All the travel has evidently paid off in class too; Ziheng is considered one of the brightest children in his age group at kindergarten. 'Everyone at the kindergarten says Ziheng is a little genius because he knows everything,' she says.
For Wang Xu, a 33-year-old manager at a leading travel agency in Beijing, taking trips is a way to spend quality time with her son and give him an opportunity to see the outside world, which help his presentation skills in kindergarten.
On a recent Friday morning, Wang and five-year-old Kunkun hopped on a plane for a three-day visit to the popular resort town of Sanya in Hainan province, famous for palm trees and white beaches.
'Both my husband and I are busy with our jobs,' Wang says. 'We have the money but not the time for travel. So, the best option is to go for a quick trip over the weekend.'
Kunkun has loved the beach since he was a toddler, and he especially likes to build sandcastles, Wang says.
But when you live in the concrete jungle of Beijing, it is not easy to find a water park suitable for children. Some weekends, Wang and her husband, an advertising executive, take their son to Miyun Reservoir, an hour's drive away on the outskirts of Beijing. When they are keen to go farther, another three hours on the road can take them to Nandaihe, a popular seaside resort next to Beidaihe.
Last September, the family drove to Qingdao, Shandong, where they spent a week visiting attractions such as Polar Sea World.
It's late in the afternoon when Wang and her son arrive at The Ritz-Carlton hotel in Sanya. Despite the four-hour flight, Kunkun is excited when check-in staff place a garland of orchids around his neck and hand over a Kids' Passport, which will provide access to the children's activities at the hotel.
'Since I work in the travel industry, I have heard that they have a good children's programme here,' Wang says, 'and I'm quite certain that my son will love it.'
Besides an outdoor kiddies' pool with waterslide and a children's garden featuring animals from guinea pigs to turtles, the hotel also offers a variety of one-hour classes to keep their young guests entertained, with activities ranging from making sand pictures to cooking a pizza.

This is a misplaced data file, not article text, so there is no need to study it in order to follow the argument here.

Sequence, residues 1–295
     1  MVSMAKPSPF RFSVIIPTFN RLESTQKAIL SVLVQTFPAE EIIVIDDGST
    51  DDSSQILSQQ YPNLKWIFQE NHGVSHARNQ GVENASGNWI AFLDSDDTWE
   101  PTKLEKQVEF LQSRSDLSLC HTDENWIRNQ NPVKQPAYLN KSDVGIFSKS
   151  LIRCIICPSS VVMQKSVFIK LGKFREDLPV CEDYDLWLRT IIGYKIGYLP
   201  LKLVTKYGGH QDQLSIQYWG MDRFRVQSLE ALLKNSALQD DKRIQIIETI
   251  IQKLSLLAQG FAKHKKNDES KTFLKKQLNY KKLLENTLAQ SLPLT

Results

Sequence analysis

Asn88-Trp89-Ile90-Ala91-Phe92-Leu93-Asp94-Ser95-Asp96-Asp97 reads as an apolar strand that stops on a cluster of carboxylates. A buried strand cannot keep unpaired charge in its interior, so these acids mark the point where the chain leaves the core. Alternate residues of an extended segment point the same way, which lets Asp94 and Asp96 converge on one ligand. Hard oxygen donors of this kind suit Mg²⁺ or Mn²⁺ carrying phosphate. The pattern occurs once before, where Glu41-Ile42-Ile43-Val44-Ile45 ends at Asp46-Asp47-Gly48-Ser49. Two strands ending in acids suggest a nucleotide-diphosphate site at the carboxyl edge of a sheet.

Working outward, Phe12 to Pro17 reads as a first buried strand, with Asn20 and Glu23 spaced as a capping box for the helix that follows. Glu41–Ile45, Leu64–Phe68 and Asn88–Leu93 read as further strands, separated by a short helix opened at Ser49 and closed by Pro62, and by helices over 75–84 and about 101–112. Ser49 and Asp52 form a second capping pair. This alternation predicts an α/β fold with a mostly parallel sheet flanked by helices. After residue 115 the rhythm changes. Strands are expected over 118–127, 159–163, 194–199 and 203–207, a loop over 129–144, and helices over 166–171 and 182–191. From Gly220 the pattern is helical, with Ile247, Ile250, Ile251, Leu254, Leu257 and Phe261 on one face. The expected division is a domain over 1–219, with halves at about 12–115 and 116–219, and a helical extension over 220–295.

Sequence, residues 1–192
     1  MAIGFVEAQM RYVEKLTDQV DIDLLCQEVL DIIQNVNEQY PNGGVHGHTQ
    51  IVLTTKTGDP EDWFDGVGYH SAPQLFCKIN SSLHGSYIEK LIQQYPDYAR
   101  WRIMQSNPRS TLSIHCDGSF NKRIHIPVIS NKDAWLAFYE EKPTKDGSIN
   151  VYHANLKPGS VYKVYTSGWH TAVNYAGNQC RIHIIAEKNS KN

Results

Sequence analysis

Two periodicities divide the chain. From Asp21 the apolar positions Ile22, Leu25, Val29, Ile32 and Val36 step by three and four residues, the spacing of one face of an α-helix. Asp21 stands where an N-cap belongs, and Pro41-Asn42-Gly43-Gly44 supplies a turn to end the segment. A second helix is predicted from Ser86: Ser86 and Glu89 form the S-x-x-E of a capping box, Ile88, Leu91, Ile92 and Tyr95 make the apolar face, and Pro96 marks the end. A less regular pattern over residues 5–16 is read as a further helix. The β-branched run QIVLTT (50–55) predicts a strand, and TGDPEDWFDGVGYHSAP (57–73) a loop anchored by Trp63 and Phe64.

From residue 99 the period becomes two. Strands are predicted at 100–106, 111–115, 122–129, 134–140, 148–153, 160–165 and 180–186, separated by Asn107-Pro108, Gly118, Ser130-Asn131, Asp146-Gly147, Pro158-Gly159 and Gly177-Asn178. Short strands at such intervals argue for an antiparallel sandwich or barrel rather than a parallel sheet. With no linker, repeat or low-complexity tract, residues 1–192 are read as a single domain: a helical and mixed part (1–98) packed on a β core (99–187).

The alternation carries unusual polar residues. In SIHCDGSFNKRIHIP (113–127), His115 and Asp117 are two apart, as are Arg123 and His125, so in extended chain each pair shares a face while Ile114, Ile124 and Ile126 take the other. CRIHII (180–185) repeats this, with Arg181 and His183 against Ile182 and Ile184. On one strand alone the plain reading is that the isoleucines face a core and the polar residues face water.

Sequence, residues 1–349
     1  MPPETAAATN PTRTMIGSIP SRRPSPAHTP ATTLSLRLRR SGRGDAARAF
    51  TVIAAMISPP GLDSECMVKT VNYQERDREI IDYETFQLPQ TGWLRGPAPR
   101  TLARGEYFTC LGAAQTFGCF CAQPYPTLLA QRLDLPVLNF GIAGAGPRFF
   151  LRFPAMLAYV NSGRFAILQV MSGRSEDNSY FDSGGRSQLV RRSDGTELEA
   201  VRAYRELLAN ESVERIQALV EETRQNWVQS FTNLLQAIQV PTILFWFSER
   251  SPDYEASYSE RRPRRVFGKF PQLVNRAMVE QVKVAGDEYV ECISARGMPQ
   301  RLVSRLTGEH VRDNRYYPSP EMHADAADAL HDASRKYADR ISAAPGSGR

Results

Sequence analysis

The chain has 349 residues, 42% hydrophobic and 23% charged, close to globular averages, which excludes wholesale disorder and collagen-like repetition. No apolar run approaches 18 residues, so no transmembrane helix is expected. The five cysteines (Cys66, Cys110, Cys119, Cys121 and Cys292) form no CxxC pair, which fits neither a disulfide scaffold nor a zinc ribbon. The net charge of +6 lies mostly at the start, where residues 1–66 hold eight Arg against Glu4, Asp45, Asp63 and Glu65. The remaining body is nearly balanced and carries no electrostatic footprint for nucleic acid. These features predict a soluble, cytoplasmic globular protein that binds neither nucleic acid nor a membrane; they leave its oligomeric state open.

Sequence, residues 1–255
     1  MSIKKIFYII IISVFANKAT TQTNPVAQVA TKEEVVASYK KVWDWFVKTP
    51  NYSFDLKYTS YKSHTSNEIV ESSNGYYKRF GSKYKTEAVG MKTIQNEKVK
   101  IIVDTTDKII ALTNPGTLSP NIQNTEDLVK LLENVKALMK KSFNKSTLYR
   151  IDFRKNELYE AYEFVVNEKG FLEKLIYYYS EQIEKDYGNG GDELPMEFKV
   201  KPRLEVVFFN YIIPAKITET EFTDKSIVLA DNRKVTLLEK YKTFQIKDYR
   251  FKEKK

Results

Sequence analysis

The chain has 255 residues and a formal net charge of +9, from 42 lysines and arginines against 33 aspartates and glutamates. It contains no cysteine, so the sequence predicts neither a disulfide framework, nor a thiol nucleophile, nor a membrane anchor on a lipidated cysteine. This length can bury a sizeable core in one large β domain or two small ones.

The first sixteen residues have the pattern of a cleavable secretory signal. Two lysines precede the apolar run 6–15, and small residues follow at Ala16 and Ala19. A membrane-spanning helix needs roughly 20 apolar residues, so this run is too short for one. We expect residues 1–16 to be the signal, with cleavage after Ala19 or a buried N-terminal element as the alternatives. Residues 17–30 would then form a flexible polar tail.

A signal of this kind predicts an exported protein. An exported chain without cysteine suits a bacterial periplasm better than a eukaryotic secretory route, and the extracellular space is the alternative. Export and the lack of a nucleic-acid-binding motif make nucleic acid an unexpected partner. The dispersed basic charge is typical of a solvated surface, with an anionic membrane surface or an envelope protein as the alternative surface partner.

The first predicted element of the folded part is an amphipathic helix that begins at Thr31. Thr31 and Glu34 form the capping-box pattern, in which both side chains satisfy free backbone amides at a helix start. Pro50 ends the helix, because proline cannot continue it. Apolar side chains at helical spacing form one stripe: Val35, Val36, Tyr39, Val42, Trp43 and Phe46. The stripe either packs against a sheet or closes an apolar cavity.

'Kunkun has never liked amusement parks,' Wang says. 'There is a big amusement park in western Beijing, but it bores him each time we are there.'
The next morning, Kunkun gets time to build sandcastles and search for crabs on beach before joining a dozen other children at the hotel to help release a rehabilitated sea turtle that had been rescued from illegal traders. (The raise-and-release campaign is a collaboration between the hotel and conservation group Sea Turtles 911, to help save endangered sea turtles around Hainan.)
Over the weekend, Kunkun also joins the sand art and pizza-making sessions and receives a certificate for taking part in the programme before they fly back to Beijing on Sunday.
The next day, Wang returns to her busy routine at work, and Kunkun is back in his kindergarten, a private facility offering a Montessori programme, eager to share his experiences with his class.
'He can get stressed after a day of concentrated activity in class when the children learn to sit still and focus on their work,' Wang says. 'A trip like this can be a change in the routine, and it also gives him good stories to share with his class. And this will help his presentation skills.'
Even as major hotels on the mainland initiate children's programmes to cater for holidaying families, some boutique operations have emerged offering an alternative for those with a taste of adventure: